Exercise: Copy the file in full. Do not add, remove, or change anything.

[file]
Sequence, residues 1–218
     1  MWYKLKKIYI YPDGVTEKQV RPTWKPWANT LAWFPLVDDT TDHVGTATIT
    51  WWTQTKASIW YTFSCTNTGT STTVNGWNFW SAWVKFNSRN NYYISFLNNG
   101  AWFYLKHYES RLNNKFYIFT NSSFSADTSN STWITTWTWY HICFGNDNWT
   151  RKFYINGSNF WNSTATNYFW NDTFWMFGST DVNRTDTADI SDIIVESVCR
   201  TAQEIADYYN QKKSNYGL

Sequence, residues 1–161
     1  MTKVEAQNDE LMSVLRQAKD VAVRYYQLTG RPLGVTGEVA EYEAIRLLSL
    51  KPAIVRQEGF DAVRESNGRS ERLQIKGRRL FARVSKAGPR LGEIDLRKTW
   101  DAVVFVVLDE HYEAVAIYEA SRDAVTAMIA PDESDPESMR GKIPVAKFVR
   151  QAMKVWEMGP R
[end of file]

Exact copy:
Sequence, residues 1–218
     1  MWYKLKKIYI YPDGVTEKQV RPTWKPWANT LAWFPLVDDT TDHVGTATIT
    51  WWTQTKASIW YTFSCTNTGT STTVNGWNFW SAWVKFNSRN NYYISFLNNG
   101  AWFYLKHYES RLNNKFYIFT NSSFSADTSN STWITTWTWY HICFGNDNWT
   151  RKFYINGSNF WNSTATNYFW NDTFWMFGST DVNRTDTADI SDIIVESVCR
   201  TAQEIADYYN QKKSNYGL

Sequence, residues 1–161
     1  MTKVEAQNDE LMSVLRQAKD VAVRYYQLTG RPLGVTGEVA EYEAIRLLSL
    51  KPAIVRQEGF DAVRESNGRS ERLQIKGRRL FARVSKAGPR LGEIDLRKTW
   101  DAVVFVVLDE HYEAVAIYEA SRDAVTAMIA PDESDPESMR GKIPVAKFVR
   151  QAMKVWEMGP R